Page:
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7
Sep 19

CHRISTINA AGUILERA ft REDMAN – “Dirrty”

Popular17 comments • 1,832 views

#942, 23rd November 2002

Christina Aguilera’s album title, Stripped, has an obvious double-meaning, one she’s been keen to point out to interviewers. Stripping off, yes, clearly, but also stripping back, removing the layers of industry wrapping to reveal the individual underneath. Raw or in the raw, she’s saying, this is the real thing. Or at least, realer than the last one.

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31
Aug 19

WESTLIFE – “Unbreakable”

Popular16 comments • 1,262 views

#941, 16th November 2002

They’re perhaps not intended to be, but Greatest Hits albums are often a sign of a band’s waning vitality, a signal to the fans that the group are moving to an autumnal phase, inviting listeners to tread their way through former hits like fallen leaves. The odd new track can’t truly hide the marks of age. “Unbreakable” is not an odd new track, in fact it’s relentlessly plain, an acoustic-led plod through the Westlife formula which does the things you’d expect in the places you’re expecting them. It’s unmistakable, indeed.

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28
Aug 19

they laugh a lot (behind the clean door)

Hidden Landscapes1 comment • 244 views

[This post originally went up at my PATREON: subscribers get to read posts and hear podcasts early — and help offset costs and time and help me do more of this kind of thing. Please share widely and encourage participation in the comments!]

Reviewing “Clean –– One woman’s story of addiction, recovery and the removal of stubborn stains”, by Michele Kirsch (Short Books, ISBN 978-78072-381-5)

Several years back I was grousing to a pal about a new book by a clever and successful mutual acquaintance, a history that encroaches on territory I had one day hoped to stake out (but of course I have done nothing about this, since my pop timing is always terrible). My gripe is this: music writers endlessly re-interview the wrong people — or more precisely, never enough of the right people. Revisit the original moves and shakers and they mainly double down on what went over well the first the time, especially conceptually. Which is the way a moment of open possibility get congealed back into cliché. “If you want to know what a radical scene’s actually about,” I airily declared to my chum, “you should talk to the club’s hat-check girl.”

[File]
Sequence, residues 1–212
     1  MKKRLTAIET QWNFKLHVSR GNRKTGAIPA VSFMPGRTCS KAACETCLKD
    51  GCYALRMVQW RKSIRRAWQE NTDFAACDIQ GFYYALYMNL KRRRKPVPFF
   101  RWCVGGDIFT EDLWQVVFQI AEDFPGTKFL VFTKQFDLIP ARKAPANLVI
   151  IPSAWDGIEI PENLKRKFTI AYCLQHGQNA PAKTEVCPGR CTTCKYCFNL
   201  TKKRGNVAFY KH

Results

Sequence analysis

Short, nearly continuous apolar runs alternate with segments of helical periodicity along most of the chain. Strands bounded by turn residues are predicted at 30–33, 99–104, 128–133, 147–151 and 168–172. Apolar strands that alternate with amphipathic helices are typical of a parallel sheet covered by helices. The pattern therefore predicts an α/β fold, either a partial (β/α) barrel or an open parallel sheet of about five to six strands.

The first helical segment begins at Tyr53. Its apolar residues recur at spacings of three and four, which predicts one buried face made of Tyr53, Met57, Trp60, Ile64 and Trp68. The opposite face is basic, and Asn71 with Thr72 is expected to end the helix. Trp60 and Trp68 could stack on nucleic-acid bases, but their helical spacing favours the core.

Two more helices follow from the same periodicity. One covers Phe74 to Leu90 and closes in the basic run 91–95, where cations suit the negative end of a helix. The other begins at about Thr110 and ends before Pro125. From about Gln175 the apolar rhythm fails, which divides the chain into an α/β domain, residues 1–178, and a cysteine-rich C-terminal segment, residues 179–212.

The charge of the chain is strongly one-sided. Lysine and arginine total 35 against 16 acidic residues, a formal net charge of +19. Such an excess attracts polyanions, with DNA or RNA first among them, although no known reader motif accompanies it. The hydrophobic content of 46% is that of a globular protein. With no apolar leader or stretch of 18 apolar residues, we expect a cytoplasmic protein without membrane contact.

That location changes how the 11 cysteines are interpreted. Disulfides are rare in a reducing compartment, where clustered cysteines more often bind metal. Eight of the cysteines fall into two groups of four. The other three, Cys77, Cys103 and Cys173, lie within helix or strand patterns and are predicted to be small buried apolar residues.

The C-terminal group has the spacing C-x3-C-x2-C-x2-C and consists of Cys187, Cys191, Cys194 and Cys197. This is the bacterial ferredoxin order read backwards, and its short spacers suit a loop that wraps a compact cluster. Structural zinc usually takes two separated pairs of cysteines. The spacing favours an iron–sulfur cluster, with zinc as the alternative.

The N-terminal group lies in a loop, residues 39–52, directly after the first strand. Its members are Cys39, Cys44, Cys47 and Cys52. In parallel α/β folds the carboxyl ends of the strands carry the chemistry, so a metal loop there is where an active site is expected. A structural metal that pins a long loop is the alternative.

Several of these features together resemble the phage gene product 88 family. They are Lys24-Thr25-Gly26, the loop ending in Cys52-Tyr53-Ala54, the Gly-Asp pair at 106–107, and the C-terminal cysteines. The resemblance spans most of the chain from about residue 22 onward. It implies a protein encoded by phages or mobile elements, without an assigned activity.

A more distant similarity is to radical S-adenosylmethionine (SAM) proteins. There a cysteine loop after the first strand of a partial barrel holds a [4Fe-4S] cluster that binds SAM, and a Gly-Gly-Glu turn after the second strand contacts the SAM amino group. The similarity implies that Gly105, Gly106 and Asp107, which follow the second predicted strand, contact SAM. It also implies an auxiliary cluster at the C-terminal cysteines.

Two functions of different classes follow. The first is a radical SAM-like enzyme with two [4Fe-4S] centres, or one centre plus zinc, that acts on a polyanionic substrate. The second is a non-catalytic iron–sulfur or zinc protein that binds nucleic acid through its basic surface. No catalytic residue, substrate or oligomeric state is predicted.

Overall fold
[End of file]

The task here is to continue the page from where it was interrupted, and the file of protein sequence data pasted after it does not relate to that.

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23
Aug 19

DJ SAMMY & YANOU ft DO – “Heaven”

Popular19 comments • 1,764 views

#940, 9th November 2002

Before writing this entry I scoured the Internet to see if DJ Sammy had ever said or done anything interesting. I drew a blank. He’s the model of a jobbing Euro-DJ, lucky enough to get one big break in his 30-year career and canny enough to ride it. In the most recent interview I could find, an Australian journalist asks him if he’s bringing any new material to tour Down Under? Yes, he replies, a new remix of “Heaven”.

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18
Aug 19

Omargeddon #10: Despair

FTPost a comment • 80 views

2009 was a prolific year for Omar Rodriguez-Lopez, with a total of six albums released. Cryptomnesia and Xenophanes are comprised of material that was originally intended for the Mars Volta but took a left turn at Albuquerque. Solar Gambling features the magnificent Ximena Sariñana on vocals, as do three of the five songs on the live album Los Sueños de un Hígado. Megaritual is a glorious exercise in trippy jamming, recorded in Amsterdam with longtime Volta member/even longer time brother Marcel.

And then there’s Despair.

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17
Aug 19

NELLY ft KELLY ROWLAND – “Dilemma”

Popular26 comments • 2,687 views

#939, 26th October 2002

Nelly spent some of the year before his second LP dropped in a beef with the perennially grumpy KRS-One. The feud was not a dignified one. KRS-One called out pop-rap in general, Nelly took it personally, spent a summer trying to goad KRS into a response, finally succeeded (“You the first old man to get a rappers pension / No hits since the cordless mic invention”) and was rewarded by KRS-One calling for a ‘boycott’ of Nellyville.